Canada

Canada Notes

A tragic ferry collision in British Columbia

September 25 2000
Canada

Canada Notes

A tragic ferry collision in British Columbia

September 25 2000

Canada Notes

A tragic ferry collision in British Columbia

A B.C. Ferry Corp. vessel collided with an 11-m pleasure boat, leaving a man from Washington state dead and his former wife seriously injured. Both had been aboard the smaller craft. It had remained in a busy channel near Victoria, even though the 19,000-tonne super-ferry, Spirit of Vancouver Island, had repeatedly sounded its horn. Five separate agencies are investigating the accident.

A crime reporter becomes a victim

A veteran crime reporter with Le Journal de Montréal was shot five times in the back just one day after the tabloid published his latest exposé. Michel Auger, 56, who has written extensively about Quebec’s biker wars, survived the attack, which took place in his employer’s parking lot. At week’s end, the journalist remained in hospital in stable condition. Police seized a tape from a surveillance camera which showed a man getting out of a white car, shooting Auger and fleeing. They found the car abandoned nearby;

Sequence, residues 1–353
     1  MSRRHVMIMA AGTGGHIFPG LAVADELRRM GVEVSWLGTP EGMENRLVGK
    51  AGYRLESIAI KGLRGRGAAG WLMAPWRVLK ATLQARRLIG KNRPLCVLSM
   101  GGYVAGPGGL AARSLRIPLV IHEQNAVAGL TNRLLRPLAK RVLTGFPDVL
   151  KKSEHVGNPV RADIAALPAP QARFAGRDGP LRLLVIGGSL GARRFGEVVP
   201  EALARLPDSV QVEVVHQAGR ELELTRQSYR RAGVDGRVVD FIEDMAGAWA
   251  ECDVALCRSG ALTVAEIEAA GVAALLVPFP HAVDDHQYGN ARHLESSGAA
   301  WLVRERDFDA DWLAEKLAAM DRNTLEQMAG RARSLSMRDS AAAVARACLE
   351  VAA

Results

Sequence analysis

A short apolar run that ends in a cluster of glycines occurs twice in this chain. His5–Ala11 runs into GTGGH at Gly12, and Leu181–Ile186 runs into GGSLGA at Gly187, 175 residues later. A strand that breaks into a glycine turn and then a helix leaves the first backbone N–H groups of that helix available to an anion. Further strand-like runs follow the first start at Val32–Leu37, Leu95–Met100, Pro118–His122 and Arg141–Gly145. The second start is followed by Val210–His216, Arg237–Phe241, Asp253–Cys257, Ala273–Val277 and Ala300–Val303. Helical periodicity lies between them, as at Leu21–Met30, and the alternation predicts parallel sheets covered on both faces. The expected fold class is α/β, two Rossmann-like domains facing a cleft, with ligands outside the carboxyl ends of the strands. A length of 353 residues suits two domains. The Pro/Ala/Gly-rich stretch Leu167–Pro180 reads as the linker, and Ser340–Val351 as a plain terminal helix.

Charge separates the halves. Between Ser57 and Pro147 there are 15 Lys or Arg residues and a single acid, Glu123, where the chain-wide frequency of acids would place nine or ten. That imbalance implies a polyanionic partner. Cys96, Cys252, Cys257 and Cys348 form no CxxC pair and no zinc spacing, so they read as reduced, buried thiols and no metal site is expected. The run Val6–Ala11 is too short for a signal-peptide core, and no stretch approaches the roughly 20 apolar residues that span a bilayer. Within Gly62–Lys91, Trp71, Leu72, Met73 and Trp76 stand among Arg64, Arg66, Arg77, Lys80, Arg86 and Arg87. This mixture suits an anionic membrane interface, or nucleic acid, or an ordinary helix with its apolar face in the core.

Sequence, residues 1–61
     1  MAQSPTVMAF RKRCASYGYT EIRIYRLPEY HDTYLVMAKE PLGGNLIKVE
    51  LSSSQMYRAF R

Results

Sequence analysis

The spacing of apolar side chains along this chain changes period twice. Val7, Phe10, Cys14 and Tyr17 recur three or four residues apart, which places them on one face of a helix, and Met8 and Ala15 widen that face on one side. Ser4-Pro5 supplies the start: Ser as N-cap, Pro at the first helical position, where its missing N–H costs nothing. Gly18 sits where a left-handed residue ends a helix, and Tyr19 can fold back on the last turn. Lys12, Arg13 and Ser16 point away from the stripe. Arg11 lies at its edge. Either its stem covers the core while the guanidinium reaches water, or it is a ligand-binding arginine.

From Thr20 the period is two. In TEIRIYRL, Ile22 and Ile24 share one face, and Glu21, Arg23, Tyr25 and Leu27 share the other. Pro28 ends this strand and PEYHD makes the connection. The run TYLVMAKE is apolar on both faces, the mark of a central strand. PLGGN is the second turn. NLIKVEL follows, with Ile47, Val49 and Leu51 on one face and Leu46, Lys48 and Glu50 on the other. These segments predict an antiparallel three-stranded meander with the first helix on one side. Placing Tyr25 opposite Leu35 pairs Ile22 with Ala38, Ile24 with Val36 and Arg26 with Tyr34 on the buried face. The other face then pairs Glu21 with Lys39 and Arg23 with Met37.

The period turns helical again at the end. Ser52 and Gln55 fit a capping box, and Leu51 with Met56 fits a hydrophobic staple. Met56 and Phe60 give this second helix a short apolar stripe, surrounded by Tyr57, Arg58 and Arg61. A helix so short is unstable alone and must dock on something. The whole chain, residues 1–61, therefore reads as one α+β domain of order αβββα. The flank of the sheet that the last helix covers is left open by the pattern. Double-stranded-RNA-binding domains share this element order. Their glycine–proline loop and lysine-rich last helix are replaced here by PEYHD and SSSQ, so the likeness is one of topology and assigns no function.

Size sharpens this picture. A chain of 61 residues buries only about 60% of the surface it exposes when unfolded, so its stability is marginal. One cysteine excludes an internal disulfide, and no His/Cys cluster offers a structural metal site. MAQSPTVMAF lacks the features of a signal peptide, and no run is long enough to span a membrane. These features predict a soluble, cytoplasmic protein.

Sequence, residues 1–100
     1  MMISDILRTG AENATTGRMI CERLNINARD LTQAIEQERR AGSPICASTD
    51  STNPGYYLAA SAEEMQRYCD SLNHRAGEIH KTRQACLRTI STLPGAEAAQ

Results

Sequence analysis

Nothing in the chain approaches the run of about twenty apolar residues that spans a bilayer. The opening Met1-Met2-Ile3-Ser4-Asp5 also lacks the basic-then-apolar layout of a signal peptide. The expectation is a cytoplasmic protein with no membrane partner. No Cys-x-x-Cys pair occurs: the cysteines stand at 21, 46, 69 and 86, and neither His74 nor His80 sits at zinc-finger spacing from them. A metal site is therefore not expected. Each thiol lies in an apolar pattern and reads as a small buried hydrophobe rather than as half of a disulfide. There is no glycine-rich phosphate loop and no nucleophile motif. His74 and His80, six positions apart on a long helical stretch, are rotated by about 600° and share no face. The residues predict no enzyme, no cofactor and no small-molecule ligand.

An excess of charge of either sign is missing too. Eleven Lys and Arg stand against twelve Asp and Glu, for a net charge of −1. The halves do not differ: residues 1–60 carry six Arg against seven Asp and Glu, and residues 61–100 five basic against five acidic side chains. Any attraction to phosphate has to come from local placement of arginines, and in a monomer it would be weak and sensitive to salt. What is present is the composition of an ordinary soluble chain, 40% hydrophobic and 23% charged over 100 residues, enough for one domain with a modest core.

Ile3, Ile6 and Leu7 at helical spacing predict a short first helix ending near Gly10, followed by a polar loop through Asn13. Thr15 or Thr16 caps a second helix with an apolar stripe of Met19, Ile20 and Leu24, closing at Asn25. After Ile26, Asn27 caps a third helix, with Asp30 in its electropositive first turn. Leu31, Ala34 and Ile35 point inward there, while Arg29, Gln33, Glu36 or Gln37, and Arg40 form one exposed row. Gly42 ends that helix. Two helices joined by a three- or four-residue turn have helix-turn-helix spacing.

someone had attempted to set it on fire, a trademark of biker-gang shootings. Police declined to comment on a motive, but Auger’s co-workers claimed the attack was likely the work of organized crime. “This is disgusting because it’s an attack on democracy,” said Paule Beaugrand-Champagne, editor-in-chief of Le Journal.

The shooting prompted renewed calls for special anti-gang legislation to help deal with the turf wars in Quebec that have killed more than 150 people, mainly bikers, since 1994. Premier Lucien Bouchard said he would press Prime Minister Jean Chrétien to toughen the laws: “The safety of our citizens is at stake.”

The harrowing survival of a little girl

A 10-year-old girl narrowly escaped a murder-suicide attempt. She was found wandering on a highway near Sudbury, Ont., suffering from exposure and the effects of carbon monoxide poisoning after her father had hooked their car’s exhaust to its interior. Police say rain shorted out and opened one of the vehicle’s electric windows; the girl got away while her 34-year-old father, disoriented from the fumes, stumbled into a swamp and drowned. The girl is back home with her mother in Mississauga, Ont., where she is expected to recover fully.

Walkerton gears up

Ontario Superior Court Justice Warren Winkler gave lawyers in the Walkerton class-action suit until Oct. 30 to file arguments before he sets a hearing date. Last May, six people died and 2,000 people were made sick from E. coli contamination of the towns water supply. Meanwhile, more than 40 applicants representing 80 groups and 200 individuals were granted standing at a public inquiry. The provincial New Democratic Party, which wanted to dispute Conservative allegations that NDP water policies had caused the tragedy, was one of the few groups denied standing.

Abandoned in Halifax